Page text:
The chairman of Apple supplier Foxconn has fanned the flames of an already growing concern about the working conditions and treatment of overseas employees who build the Cupertino-designed gadgets the market loves.
As reported by WantChinaTimes, Terry Gou, the head of Hong Hai Precision (Foxconn’s parent business group), stated during a recent year-end party: “Hon Hai has a workforce of over one million worldwide and as human beings are also animals, to manage one million animals gives me a headache.”
Indicating that his comment was not merely made in passing or jest, Mr. Gou added that he hoped to learn from Chin Shih-chien, the director of the Taipei Zoo, and asked Mr. Chin to speak with the company’s general managers about his experience managing zoo animals.
Mr. Gou’s comments come on the heels of renewed concern by U.S. media of the treatment of foreign workers employed in the production of western electronics. A recent exposé by radio program This American Life suggested that Apple’s suppliers were not consistent in following guidelines regarding worker treatment and conditions, with substandard employee wages and brutally long shifts. Those who complain are fired and blacklisted. Those who are injured: fired.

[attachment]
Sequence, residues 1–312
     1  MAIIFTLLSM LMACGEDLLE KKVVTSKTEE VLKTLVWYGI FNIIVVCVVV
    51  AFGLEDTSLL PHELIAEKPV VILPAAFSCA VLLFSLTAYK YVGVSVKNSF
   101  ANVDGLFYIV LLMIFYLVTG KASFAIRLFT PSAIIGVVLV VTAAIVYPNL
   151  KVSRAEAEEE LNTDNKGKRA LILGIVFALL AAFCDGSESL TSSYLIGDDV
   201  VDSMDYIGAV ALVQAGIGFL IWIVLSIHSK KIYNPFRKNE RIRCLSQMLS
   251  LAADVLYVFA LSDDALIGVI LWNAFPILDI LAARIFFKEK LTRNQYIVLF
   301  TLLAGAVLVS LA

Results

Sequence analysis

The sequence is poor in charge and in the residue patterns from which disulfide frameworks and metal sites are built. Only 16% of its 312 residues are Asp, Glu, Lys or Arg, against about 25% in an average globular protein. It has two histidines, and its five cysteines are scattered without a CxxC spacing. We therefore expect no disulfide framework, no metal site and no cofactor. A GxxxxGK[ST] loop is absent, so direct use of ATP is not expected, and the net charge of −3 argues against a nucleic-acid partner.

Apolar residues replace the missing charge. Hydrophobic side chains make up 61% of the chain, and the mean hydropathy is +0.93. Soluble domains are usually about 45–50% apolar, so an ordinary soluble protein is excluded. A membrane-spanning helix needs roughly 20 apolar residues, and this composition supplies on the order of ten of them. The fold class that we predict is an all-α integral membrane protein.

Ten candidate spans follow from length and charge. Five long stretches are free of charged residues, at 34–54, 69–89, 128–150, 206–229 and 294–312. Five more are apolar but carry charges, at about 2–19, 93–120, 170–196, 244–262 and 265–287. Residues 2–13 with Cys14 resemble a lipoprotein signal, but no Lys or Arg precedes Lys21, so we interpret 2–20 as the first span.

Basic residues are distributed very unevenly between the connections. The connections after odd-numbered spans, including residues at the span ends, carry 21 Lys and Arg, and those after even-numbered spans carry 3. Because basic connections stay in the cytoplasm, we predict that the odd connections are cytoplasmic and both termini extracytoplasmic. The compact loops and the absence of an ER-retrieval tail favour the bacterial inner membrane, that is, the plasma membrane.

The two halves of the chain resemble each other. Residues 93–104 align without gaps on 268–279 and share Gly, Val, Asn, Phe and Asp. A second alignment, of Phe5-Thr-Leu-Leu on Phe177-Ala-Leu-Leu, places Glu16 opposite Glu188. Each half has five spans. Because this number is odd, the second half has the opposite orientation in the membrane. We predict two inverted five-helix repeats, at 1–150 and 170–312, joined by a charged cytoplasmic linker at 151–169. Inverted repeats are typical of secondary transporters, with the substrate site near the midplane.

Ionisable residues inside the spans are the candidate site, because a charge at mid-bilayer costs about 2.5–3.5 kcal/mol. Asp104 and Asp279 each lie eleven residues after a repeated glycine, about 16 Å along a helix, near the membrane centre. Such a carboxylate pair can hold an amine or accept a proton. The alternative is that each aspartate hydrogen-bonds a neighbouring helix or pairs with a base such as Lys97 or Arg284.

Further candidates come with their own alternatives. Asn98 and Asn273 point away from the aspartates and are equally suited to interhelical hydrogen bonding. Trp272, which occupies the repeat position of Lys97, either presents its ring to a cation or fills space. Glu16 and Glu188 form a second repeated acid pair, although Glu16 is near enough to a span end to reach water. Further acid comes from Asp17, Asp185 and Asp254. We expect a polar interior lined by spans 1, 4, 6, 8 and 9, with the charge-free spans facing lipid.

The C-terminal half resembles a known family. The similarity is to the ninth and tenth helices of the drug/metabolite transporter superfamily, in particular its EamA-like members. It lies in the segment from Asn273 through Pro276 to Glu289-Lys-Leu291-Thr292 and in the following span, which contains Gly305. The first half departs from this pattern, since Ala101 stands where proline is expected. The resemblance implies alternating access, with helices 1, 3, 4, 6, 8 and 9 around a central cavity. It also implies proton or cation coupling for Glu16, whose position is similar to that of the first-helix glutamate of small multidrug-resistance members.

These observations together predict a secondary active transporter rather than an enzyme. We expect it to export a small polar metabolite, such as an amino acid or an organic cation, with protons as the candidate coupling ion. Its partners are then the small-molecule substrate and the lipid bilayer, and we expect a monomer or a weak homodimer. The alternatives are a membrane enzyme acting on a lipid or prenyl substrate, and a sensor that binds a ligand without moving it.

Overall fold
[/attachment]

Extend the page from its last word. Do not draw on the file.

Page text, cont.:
For its part, Apple, under CEO Tim Cook’s leadership, has recently begun to publicly take an active role in addressing worker concerns at its suppliers. Earlier this month, the company released a Supplier Responsibility Report and Mr. Cook sent an email to all company employees, outlining the process Apple goes through to verify its suppliers’ conduct. In addition, Apple for the first time joined the Fair Labor Association, a non-profit labor rights organization.
Critics of Apple and its supplier relationships claim that Apple still hasn’t released enough information so that the public and watchdog groups can verify their progress, and comments by Mr. Gou only intensify their concern. However, now that these issues are in the public eye, Apple and its competitors who also contract with the same suppliers will hopefully be pressured into further action to ensure that the gadgets we love don’t come with a high moral price.